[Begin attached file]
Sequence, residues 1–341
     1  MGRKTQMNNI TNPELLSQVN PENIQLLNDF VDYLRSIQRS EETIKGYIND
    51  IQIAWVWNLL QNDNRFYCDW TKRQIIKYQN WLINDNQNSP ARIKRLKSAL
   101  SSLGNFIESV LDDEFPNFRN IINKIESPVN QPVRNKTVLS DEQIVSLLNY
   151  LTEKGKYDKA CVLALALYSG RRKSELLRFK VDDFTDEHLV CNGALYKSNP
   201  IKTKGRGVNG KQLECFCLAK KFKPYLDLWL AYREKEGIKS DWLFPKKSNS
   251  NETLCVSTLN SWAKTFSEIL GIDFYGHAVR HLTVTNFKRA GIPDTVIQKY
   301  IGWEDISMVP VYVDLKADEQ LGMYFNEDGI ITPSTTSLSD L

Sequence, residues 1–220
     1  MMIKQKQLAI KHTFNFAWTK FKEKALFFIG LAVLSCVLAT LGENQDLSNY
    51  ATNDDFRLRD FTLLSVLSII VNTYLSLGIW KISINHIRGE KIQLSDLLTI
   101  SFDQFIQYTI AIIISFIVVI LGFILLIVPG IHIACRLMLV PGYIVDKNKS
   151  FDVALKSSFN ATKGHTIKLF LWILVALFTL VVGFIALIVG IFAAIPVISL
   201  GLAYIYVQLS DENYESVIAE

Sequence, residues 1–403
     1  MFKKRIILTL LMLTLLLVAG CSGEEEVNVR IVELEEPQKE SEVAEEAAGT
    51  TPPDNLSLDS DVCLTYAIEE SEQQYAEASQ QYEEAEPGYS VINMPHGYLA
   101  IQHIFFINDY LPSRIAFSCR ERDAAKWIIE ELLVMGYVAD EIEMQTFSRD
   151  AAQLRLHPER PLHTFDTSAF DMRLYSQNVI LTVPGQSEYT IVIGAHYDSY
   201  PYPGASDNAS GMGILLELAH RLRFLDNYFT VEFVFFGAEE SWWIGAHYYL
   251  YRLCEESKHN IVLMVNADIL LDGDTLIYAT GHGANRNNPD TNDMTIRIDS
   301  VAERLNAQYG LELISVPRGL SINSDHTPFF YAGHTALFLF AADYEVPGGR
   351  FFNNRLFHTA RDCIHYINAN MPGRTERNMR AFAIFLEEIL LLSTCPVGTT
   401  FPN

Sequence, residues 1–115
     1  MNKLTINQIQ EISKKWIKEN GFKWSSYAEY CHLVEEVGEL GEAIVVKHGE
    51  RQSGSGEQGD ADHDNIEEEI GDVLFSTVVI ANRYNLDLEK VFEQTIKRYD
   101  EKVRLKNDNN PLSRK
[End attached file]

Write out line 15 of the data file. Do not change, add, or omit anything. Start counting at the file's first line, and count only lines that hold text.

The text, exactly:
Sequence, residues 1–403